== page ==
Teachers Share their Experiences While Living Abroad!

New ChungDahm Teacher Provides Tips About the Recruitment Process

Posted on Wed, Oct 12, 2016 @ 02:34 PM

About Me:

My name is Cash. I am from Massachusetts and I have a big family that I love spending time with every chance I get. I recently graduated from Elon University with a degree in Finance and two minors in Spanish and Latin American Studies. I now live in Bucheon, South Korea (pictured below) ,which is about 16 miles west of Seoul, and work for ChungDahm at one of their April Institutes.  This blog will be a two-part blog series which will first focus on the recruitment process, followed by a blog about what life has been like since I moved to Korea in August.  I hope through this blog series that I can help people interested in teaching in Korea get a better idea about the various steps in the recruitment process and how to adjust to life living and teaching abroad. 

teaching in Korea

 

Why Korea:

I chose to apply to teach in Korea because I have many close Korean friends and I have always wanted to visit them. Furthermore, Korea is Americanized with a large expat population along with a welcoming, safe society. Finally, Korea pays their English teachers more than other countries I researched.

Why Chungdahm Learning (CDL):

I chose CDL for a few reasons.

  1. They do not require a TEFL/ESL certification (which may cost $1,000+)
  2. Basic living standards were guaranteed and the contract benefits appealed to me
  3. They have a Glassdoor Page!
  4. I was very impressed by the professionalism of their staffing agency, Aclipse Recruiting.

Recruitment Process:

First Contact:

I discovered Chungdahm Learning  through an ad on my school’s career website placed by Aclipse recruiting, CDL’s North American recruiting partner. What impressed me the most about Aclipse was the professionalism of their staff and the speed at which they responded to my questions. I really appreciated how forthcoming Aclipse was with information compared to other companies.

Some basic conditions of the contract that I can personally validate:

  • Paid vacation
  • 50/50 contribution for the medical insurance & pension contribution
  • Up to 1 million KRW provided for flight reimbursement
  • Severance pay
  • Training and ongoing support
  • Lesson plans provided along with advanced teaching tools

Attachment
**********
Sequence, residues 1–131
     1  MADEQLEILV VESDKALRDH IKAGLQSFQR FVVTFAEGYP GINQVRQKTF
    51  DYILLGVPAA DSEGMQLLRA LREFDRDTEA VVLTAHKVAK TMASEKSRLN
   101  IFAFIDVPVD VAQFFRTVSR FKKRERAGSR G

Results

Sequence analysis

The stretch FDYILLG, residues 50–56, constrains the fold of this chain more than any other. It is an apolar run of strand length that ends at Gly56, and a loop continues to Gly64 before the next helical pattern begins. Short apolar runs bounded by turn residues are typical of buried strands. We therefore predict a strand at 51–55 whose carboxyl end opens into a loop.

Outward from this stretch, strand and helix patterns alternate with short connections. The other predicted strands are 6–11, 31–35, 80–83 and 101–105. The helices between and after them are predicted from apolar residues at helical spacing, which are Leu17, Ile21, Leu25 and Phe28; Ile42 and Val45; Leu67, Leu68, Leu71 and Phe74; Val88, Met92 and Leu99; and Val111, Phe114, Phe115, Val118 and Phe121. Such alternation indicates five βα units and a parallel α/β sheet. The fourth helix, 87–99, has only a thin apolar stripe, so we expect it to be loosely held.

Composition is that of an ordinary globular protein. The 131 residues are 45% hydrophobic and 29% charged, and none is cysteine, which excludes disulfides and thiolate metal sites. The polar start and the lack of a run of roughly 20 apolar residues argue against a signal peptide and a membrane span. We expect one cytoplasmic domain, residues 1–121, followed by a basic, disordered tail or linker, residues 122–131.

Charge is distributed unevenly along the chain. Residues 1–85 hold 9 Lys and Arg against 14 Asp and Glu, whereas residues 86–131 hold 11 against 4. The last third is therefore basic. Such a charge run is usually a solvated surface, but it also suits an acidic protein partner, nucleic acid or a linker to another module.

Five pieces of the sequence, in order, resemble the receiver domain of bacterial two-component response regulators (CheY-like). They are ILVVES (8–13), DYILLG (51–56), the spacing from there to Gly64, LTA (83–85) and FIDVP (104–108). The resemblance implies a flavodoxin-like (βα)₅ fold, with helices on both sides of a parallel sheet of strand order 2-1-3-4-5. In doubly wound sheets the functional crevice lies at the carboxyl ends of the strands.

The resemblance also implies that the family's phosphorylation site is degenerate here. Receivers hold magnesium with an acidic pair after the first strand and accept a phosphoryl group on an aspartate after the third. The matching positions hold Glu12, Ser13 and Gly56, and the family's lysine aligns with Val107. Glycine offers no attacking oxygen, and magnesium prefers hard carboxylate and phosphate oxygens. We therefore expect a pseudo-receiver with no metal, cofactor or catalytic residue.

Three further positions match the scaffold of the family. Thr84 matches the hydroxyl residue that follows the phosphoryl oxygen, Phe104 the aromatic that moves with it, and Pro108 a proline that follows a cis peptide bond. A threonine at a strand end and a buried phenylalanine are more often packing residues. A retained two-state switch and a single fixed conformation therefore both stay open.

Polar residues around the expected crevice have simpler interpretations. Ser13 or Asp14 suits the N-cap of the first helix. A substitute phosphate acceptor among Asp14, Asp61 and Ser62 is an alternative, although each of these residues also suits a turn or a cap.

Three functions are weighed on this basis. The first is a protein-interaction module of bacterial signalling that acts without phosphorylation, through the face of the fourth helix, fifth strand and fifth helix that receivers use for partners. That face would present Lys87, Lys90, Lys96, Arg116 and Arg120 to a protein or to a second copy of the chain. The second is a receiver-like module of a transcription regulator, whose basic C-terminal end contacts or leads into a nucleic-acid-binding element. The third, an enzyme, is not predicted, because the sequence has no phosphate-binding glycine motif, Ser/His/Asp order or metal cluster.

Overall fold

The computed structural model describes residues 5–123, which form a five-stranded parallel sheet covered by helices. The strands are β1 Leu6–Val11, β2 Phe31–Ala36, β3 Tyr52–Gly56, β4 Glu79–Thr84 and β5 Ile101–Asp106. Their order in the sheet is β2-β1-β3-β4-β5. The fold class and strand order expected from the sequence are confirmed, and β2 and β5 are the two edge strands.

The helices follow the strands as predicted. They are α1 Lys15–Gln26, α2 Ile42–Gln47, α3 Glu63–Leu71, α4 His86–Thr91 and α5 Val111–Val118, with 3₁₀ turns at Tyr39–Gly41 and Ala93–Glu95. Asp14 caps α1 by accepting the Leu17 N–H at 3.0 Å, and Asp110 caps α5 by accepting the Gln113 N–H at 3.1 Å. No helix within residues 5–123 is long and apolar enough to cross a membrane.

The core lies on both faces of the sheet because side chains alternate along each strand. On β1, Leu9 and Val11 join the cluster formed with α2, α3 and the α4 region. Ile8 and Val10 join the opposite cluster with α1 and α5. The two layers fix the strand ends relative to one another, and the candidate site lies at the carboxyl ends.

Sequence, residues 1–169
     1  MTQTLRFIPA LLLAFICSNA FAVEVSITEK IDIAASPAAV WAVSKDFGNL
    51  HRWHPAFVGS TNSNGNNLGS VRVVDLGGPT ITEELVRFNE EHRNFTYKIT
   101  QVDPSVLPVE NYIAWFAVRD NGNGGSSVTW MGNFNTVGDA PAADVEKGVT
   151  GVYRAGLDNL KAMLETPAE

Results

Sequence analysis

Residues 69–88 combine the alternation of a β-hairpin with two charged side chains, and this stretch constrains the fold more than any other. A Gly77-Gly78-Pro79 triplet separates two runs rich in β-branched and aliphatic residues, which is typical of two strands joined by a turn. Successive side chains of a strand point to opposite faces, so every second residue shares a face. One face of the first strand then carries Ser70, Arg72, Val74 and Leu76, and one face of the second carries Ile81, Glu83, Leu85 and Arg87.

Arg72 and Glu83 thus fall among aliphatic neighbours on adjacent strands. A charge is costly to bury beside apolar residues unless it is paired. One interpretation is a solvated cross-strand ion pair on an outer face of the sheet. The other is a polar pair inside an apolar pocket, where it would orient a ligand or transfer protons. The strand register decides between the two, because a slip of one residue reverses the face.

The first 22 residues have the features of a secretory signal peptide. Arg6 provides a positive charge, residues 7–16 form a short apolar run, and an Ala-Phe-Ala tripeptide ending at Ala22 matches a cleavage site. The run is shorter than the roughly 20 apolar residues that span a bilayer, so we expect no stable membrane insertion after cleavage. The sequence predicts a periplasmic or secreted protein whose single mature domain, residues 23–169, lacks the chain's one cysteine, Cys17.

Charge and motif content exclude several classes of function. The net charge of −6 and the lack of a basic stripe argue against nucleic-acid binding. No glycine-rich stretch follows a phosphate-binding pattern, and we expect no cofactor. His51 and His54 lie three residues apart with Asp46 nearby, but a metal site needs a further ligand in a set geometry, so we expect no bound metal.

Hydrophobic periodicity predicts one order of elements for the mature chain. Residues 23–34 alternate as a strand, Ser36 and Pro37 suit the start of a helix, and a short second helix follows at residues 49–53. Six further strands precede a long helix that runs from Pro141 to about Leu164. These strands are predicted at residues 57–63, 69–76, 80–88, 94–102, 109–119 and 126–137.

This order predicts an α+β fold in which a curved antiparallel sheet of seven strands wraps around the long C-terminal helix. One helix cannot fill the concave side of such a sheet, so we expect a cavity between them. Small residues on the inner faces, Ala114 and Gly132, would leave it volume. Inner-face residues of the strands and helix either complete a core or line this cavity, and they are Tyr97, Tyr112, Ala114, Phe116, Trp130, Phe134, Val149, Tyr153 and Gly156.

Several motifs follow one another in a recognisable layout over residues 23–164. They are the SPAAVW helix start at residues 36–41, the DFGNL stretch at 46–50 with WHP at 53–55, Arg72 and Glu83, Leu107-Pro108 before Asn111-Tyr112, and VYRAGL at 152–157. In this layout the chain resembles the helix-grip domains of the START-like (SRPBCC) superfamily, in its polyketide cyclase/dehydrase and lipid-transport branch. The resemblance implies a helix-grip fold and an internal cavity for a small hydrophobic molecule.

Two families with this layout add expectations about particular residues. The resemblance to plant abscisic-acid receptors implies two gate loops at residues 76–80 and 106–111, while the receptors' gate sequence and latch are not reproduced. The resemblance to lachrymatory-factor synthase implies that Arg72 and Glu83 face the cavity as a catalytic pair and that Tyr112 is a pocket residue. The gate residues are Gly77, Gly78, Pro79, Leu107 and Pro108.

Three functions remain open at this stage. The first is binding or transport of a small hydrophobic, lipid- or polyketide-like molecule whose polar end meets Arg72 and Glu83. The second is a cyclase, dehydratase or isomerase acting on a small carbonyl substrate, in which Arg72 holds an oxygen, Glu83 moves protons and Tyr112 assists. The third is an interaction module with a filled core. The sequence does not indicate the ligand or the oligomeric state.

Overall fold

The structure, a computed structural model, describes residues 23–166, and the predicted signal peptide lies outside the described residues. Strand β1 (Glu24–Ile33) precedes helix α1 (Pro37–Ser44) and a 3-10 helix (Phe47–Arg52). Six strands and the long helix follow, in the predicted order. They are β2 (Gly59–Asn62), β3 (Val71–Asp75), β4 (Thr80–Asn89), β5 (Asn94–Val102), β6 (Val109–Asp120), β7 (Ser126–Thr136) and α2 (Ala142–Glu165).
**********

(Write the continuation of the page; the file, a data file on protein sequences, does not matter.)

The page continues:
• Small class sizes (8-12 students / class on average)
  • Working alongside other foreign teachers

The Interview:

After submitting my resume and completing a short reading comprehension quiz, I was scheduled for a phone interview. The Interview was straightforward and addressed:

  1. Why Korea?
  2. Why teaching?
  3. What experiences/skills can you apply on the job?
  4. A Mock-teaching activity that I prepared before hand
  5. Any questions that I had for my recruiter, Colette

The initial offer - Memorandum of Understanding (MOU):

I passed the interview and received an initial offer -  called a Memorandum of Understanding (MOU). By signing this document, I accepted the salary offer and affirmed my desire to work for Chungdahm Learning (CDL). The MOU was helpful in explaining what documents I needed for the visa process and provided valuable information to prepare me for teaching at CDL..

If you’ll be entering on an E2 visa the following documents are required:

  • 2 Apostilled Criminal Background Checks
  • 2 Apostilled College Diploma (Bachelor’s Degree)
  • 1 Degree verification letter 
  • 2 Passport Photos

Receiving a Contract:

After you received all the required documents you will be eligible to be able to receive job offers from one of ChungDahm’s 180+ branches.

Once You Have received your visa code you may purchase your flight ticket, do the pre-training, and finish any other last minute items you need to do prior to your departure.  Also, to make your life easier upon your arrival and during your first few weeks in Korea I suggest packing the items listed below:

  1. 500,000 Korean Won and an International credit card (These seriously helped me survive in Korea until my first paycheck.)
  2. Your favorite deodorant and toothpaste
  3. A nice pair of slacks
  4. Printed out itinerary with addresses in Korean.
  5. Some good books (perhaps a kindle?)
  6. A book on how to learn Korean (I’ve been practicing Korean daily)
  7. Power converters

I hope this blog gave you a better idea about the recruitment process to teach in Korea and provided you with some tips to make you better prepared. Be on the lookout in the near future for my second blog where I will talk about what my life has been like since I arrived in Korea. 

Start Your Application!

 

Tags: applying to teach English, E2 VISA, recruitment, interview

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